+Conda is the only current dependency manager supported. Before starting, at the very least, the tool builder will need
+to know the required software package name in Conda and the version to use, how the command line for
+the package must be constructed, and there must be sample inputs in the working history for each of the required data inputs
+for the package, together with values for every parameter to suit these sample inputs. These are required on the TF form
+for preparing the inbuilt tool test. That test is run using Planemo, as part of the tool generation process.
+A new tool is specified by filling in the usual Galaxy tool form.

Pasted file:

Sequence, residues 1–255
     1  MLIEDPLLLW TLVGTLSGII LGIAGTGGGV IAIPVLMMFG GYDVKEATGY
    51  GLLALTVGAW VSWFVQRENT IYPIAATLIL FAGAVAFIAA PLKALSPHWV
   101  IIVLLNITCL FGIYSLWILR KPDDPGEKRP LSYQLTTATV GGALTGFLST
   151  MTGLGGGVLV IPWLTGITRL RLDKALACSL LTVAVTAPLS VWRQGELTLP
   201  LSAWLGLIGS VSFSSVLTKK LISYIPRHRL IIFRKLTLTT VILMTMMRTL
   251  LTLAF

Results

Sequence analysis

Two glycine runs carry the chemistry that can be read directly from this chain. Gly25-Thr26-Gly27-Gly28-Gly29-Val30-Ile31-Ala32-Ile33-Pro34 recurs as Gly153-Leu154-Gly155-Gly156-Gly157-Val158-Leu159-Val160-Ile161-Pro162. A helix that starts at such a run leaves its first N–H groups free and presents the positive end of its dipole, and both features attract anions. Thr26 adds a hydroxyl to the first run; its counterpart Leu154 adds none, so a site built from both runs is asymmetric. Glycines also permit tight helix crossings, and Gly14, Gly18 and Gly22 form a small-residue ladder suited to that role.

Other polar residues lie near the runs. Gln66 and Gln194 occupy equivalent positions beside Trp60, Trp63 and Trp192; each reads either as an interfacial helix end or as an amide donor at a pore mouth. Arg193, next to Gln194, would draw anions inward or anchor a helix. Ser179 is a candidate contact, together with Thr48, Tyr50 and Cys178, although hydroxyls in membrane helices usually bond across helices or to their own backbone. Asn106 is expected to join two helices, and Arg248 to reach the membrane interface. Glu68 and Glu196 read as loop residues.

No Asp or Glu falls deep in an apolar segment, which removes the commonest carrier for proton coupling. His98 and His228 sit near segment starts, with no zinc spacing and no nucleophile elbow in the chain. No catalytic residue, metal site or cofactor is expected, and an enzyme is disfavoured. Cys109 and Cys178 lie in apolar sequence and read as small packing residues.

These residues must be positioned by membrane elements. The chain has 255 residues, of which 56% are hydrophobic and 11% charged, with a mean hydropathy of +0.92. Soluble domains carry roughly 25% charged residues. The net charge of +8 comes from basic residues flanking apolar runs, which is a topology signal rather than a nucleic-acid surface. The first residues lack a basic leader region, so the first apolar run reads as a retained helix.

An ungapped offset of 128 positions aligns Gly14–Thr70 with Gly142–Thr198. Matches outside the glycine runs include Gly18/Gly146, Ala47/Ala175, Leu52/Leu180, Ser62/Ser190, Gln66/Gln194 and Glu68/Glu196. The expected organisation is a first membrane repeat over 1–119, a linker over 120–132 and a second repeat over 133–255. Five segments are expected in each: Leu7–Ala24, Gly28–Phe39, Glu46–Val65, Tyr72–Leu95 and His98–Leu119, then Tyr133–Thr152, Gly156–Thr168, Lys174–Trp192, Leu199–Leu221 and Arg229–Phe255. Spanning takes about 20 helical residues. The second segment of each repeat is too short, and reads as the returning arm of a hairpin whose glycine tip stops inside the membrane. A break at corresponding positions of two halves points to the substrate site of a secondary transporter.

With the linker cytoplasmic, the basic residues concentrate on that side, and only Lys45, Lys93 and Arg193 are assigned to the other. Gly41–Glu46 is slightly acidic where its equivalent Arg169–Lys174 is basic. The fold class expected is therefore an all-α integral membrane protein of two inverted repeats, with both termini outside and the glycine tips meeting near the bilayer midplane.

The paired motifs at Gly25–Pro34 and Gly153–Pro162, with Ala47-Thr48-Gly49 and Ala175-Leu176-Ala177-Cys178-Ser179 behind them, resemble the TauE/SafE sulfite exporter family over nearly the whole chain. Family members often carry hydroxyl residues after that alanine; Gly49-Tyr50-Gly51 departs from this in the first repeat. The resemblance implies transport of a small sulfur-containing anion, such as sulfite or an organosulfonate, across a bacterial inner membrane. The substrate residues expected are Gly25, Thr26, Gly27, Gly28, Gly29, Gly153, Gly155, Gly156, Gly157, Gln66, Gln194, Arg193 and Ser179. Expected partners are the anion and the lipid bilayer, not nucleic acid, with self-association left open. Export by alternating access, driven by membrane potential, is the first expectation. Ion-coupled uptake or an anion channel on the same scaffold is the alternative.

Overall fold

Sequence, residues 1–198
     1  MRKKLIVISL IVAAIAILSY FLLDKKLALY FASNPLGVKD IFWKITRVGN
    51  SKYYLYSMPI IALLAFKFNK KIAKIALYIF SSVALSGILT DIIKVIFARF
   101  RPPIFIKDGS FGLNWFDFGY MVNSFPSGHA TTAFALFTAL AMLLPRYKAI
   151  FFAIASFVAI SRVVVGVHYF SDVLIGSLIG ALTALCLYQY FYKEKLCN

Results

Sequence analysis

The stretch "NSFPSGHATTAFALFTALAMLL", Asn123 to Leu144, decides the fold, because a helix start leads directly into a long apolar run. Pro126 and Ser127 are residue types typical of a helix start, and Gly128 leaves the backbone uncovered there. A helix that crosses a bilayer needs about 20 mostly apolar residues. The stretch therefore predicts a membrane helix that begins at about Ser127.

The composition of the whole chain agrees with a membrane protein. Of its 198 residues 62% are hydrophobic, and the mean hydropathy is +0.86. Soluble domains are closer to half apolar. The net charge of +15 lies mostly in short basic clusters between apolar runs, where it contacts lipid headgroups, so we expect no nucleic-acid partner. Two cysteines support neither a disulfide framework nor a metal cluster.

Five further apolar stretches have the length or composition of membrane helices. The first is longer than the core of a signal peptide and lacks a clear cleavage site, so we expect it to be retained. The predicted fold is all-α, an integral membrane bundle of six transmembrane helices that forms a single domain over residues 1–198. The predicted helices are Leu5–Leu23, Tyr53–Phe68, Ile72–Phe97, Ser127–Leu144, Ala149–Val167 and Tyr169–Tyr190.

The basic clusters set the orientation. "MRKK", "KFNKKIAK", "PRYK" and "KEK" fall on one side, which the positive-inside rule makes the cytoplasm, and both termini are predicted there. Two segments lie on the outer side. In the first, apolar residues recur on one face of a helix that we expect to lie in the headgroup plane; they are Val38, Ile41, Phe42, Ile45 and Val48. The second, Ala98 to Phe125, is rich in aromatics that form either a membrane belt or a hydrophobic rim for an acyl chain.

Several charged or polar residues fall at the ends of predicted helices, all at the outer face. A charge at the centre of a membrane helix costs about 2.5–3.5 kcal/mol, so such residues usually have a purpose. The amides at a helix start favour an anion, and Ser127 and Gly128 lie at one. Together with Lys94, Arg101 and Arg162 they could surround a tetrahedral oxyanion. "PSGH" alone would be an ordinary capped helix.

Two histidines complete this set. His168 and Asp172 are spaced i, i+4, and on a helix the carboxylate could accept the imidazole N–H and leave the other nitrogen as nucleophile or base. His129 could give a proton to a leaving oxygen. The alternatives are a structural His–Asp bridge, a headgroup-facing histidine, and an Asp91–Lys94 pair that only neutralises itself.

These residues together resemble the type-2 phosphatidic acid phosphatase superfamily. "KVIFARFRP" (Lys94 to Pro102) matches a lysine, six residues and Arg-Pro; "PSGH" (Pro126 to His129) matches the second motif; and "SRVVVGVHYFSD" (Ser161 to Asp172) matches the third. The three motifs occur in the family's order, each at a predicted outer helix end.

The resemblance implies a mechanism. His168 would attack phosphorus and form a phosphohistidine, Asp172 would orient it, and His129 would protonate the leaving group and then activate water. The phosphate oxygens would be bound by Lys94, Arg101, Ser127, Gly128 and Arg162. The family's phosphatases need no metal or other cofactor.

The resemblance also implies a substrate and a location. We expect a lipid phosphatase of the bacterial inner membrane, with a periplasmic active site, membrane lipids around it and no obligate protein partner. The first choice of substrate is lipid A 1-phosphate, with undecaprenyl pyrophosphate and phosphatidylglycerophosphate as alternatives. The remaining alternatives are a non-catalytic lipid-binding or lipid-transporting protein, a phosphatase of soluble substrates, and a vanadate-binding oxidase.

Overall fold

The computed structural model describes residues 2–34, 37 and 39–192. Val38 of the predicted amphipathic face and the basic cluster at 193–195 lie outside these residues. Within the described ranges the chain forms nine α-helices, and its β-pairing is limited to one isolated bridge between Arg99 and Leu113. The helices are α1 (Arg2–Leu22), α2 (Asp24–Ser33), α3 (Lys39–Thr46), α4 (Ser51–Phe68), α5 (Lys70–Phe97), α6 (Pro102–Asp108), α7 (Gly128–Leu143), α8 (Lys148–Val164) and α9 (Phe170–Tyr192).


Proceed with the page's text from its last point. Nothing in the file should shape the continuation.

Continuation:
+The form starts with a new tool name. Most tools will need dependency packages and versions
+for the executable. Only Conda is currently supported.
+If a script is needed, it can be pasted into a text box and the interpreter named. Available system executables
+can be used such as bash, or an interpreter such as python, perl or R can be nominated as conda dependencies
+to ensure reproducible analyses.
+The tool form will be generated from the input data and the tool builder supplied parameters. The command line for the
+executable is built using positional or argparse (named e.g. --input_file /foo/baz) style
+parameters and is completely dependent on the executable. These can include:
+1. Any number of input data sets needed by the executable. Each appears to the tool user on the run form and is included
+on the command line for the executable. The tool builder must supply a small representative sample for each one as
+an input for the automated tool test.
-Most Galaxy tool wrappers have been manually prepared by skilled programmers, many using Planemo because it